What’s the Swan-Ganz Catheter for? Is it Risky?

Sometimes referred to as the right heart catheter or pulmonary artery catheter (PAC), Swan-Ganz catheter is a diagnostic test.

What is a Swan-Ganz Catheterization?

Sometimes referred to as the right heart catheter or pulmonary artery catheter (PAC), Swan-Ganz catheter is a diagnostic test. It is used to determine any abnormalities in the blood flow of the lungs and heart. For people who recently have problems with their heart, this method is very useful.

Pulmonary Artery Catheter (PAC)

The procedure needs the use of a diagnostic tool called PAC to monitor the function of both lung and heart. However, it is also used to determine a medication’s efficiency. It is a long, thin tube that has a balloon on the tip. The balloon is needed for the smooth trip of the catheter. Generally, medical practitioners inserted it into one of these 3 veins:

  • Femoral Veins – veins that are located in the groin.
  • Right Internal Jugular Vein (RIJ) – a vein that is located in the neck. It is considered the shortest and the most direct vein to the heart.
  • Left Subclavian Vein – a vein that is located below the collarbone or clavicle.

Swan-Ganz Catheterization Procedure

The PAC will be inserted on one of the three access point mentioned above into the right side of your heart and into your arteries. Then the blood flow will be the one responsible to bring it to your lungs. Because of this method, a camera and monitor is not necessary for the procedure. The doctor will trust the blood flow to carry the catheter into the place it is needed.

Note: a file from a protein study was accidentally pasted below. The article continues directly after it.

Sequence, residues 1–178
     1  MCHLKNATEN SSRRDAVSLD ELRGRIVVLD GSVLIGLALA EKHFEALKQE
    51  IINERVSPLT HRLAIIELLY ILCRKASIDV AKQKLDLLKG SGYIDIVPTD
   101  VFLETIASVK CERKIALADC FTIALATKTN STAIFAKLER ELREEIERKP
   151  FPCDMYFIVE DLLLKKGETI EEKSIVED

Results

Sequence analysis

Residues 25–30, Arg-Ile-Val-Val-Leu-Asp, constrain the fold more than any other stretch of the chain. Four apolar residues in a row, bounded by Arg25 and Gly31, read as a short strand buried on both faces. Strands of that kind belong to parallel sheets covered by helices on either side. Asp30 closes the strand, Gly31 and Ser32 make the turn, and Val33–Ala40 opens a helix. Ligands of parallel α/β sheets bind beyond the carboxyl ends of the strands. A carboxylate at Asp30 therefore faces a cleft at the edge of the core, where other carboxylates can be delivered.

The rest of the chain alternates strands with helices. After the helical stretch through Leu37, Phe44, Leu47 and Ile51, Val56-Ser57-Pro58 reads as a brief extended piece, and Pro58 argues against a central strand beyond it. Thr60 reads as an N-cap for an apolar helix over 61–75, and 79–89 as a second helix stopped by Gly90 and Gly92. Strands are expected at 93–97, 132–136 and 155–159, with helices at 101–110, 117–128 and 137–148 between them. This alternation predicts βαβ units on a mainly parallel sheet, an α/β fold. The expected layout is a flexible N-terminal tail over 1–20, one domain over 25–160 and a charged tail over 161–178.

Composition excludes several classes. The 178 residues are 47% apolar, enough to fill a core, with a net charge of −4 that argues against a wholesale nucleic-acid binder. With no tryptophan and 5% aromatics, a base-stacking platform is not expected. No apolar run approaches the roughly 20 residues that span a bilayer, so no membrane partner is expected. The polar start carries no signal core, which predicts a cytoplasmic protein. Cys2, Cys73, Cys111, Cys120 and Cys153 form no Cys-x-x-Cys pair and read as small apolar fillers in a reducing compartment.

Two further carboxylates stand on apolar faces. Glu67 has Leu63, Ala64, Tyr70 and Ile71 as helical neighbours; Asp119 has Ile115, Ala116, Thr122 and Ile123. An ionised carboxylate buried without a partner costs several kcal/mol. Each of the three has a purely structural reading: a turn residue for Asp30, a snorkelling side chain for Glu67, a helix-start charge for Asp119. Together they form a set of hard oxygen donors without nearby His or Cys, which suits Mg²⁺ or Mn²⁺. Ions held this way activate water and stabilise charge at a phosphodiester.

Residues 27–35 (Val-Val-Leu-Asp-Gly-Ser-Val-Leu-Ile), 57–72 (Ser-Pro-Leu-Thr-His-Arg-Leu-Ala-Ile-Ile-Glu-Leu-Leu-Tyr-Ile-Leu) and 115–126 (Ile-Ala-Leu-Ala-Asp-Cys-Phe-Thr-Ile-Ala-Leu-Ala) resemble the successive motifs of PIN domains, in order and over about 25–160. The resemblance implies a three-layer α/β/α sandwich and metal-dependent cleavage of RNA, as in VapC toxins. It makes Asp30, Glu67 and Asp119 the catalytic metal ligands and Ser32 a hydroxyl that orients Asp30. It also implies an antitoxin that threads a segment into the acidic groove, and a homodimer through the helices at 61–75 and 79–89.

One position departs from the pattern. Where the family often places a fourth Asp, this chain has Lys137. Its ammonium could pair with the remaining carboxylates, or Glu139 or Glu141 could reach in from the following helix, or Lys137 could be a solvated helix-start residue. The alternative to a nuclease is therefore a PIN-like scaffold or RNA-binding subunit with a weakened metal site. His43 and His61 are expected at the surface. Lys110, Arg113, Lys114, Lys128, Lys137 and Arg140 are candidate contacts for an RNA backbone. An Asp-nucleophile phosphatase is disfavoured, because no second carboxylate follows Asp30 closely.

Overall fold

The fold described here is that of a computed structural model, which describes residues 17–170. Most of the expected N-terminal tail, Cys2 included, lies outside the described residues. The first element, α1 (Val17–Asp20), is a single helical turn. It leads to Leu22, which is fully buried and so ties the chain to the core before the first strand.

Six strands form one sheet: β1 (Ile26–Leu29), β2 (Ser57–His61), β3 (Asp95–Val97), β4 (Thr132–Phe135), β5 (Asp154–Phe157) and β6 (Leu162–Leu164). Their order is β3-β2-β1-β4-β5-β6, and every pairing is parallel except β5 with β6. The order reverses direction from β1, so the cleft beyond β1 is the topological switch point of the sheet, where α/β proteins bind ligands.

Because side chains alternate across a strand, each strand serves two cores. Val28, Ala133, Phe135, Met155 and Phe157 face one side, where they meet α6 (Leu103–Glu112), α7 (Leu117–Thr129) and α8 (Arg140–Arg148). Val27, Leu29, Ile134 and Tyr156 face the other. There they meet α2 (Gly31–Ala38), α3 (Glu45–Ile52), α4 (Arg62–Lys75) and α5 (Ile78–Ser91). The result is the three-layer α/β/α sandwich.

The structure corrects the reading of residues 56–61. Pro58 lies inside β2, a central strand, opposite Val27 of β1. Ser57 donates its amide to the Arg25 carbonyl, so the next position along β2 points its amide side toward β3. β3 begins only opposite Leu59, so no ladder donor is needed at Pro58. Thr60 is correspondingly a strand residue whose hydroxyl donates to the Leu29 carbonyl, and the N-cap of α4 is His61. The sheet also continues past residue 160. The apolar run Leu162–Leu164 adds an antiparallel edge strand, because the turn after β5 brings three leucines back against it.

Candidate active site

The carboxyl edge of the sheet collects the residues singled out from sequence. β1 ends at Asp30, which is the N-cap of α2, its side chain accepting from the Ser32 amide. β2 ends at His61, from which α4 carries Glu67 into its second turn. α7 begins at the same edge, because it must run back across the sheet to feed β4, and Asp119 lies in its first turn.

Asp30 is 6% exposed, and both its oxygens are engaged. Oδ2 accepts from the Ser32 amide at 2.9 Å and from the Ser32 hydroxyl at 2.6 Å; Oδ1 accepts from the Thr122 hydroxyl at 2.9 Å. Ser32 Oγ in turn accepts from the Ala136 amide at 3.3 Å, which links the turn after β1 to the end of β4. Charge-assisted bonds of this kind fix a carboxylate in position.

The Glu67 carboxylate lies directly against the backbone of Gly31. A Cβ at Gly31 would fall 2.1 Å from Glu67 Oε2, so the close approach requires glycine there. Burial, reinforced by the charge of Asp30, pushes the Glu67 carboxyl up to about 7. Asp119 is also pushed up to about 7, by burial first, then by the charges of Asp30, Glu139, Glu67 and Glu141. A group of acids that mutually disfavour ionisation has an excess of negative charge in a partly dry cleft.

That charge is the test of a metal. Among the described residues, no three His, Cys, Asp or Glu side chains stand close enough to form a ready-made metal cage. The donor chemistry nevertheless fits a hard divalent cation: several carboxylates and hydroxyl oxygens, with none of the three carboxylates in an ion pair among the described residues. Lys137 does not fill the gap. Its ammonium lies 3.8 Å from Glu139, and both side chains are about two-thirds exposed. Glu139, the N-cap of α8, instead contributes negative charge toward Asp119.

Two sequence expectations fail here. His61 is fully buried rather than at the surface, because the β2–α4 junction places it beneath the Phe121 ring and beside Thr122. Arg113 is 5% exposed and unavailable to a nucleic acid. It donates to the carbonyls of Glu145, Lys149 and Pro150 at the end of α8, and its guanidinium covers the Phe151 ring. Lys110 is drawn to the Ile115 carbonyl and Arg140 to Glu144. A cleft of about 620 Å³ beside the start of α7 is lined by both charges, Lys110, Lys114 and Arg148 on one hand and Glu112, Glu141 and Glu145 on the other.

The step-by-step procedure of the catheterization is as follows:

  1. You will be given with a tranquilizer to relax you, however, it will not put you to sleep.
  2. The doctor will shave and clean the area where the PAC will be inserted. Usually, it’s in the neck or groin. He or she will inject anesthesia on the said area so you won’t feel any pain.
  3. An incision will be made on the prepared area to let the PAC enter the vein.
  4. Before the PAC comes the hollow tube. This will be placed first so that the catheter will have an easier insertion.
  5. The catheter will be inserted through the veins and into the heart’s right side.
  6. As the catheter is successfully inserted, blood pressure will then be measured in the pulmonary artery.
  7. To check your blood oxygen levels, you will be taken with a blood sample. Similarly, to check your heart’s response, you will be administered with heart medications.
  8. Once all the tests are complete, the tools will be removed and the cut will be closed through stitches.

You’ll be awake throughout the procedure, but feeling some tinge of pain should not happen since you are injected with anesthesia. You may feel a bit of pressure where the catheter is inserted, though. Also, your heartbeat will be monitored during the procedure using an electrocardiogram (EKG) machine.

For how long the PAC will stay on the heart varies on a person’s condition. If a patient has an ill condition, the PAC has the possibility to stay for a few days.

What is the Use of Swan-Ganz Catheterization?